We’re going to try something a little new over here at the Dr’s Office, with a once-a-week mock draft and review. Each week we’ll draft from a different position in the draft and take a look at each major draft strategy to give you an idea of what to expect on draft day.
That moment of excitement when your commissioner pulls your name as the first overall pick is short lived when you realize the pressure to make the right pick starts right then and there. There’s no waiting until the draft starts to begin the selection process; you have weeks and sometimes months to labor over who you’re going to roll with.
Looking at the current ADP data (which we admit isn’t conclusive at this point) we’d argue that going heavy on the RB position may involve the least amount of risk when trying to build a contender. As always, we advocate trying to win at least one position early in the draft, and the lack of depth at this position is overcome using the RB/RB strategy.
Pick 1.1 – Saqoun Barkley, RB – New York Giants
I won’t waste much time here; Saquon is my top pick in both PPR and Standard leagues. He’s a safe bet to pace the league in touches, and will likely finish near the lead in passing targets as well. Zeke Elliott isn’t an awful choice at the top of the first, but doesn’t have the sheer upside Barkley has.
Pick 2.10 – Dalvin Cook, RB – Minnesota Vikings
I’d love if Joe Mixon fell here, but he goes just before this pick in most mock’s that I do. Cook may scare some folks off, but he was fairly good down the stretch after returning from injury, and has less contention for touches with Latavius Murray out of town. I’m not convinced the Alexander pick was anything more than depth. With my concerns surrounding the other available backs Nick Chubb (Kareem Hunt) and Leonard Fournette (injuries and mental miscues) I feel comfortable with Cook here.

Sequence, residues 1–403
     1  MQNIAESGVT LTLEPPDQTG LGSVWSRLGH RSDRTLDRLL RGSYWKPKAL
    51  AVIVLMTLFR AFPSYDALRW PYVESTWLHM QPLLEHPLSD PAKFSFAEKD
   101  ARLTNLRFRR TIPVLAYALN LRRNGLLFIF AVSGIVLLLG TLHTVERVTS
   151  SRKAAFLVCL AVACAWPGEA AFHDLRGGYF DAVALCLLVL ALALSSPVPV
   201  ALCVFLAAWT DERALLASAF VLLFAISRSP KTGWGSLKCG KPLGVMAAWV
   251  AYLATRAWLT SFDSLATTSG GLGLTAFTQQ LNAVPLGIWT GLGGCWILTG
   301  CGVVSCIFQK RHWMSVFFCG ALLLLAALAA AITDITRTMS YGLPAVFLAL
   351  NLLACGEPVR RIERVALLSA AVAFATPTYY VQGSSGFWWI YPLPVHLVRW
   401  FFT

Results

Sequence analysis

Pick 3.1 – Mike Evans, WR – Tampa Bay Buccaneers
While I’m tempted to take Zach Ertz, who hasn’t been falling this far in many of the mocks I’ve done, there are a few wide receiver options that I feel would give me a better core. Keenan Allen and A.J. Green are likely to be available to you, and are fine options if you are comfortable with the obvious injury risks associated with both, but if Mike Evans falls to you like he did to me here, he’s a solid choice to build your WR group around. For a guy who finished 2018 with 1,500 yards on 86 receptions and 8 TDs, it’s mind blowing to me he’s falling toward the end of the WR1 group. A safe bet for 16 games, 130+ targets, and 8-10 TDs makes him an incredible value in the 3rd round.
Pick 4.10 – Adam Thielen, WR – Minnesota Vikings
At first blush, drafting two skill position players from the same offense in the first four rounds may feel like a “too many eggs in one basket” situation, but I’d argue that there’s too much Value at this pick to pass up. There are other options here, most notably Kenny Golladay who is certainly an ascending star, but with Thielen’s floor being the 1,200-1,300 range with 8-10TDs, I feel comfortable grabbing my second Viking. The only other option I’d have here is to snag a top 5 TE while they’re available, but with Kelce, Kittle, and Ertz gone, I’m firmly in the wait in a TE camp in 2019.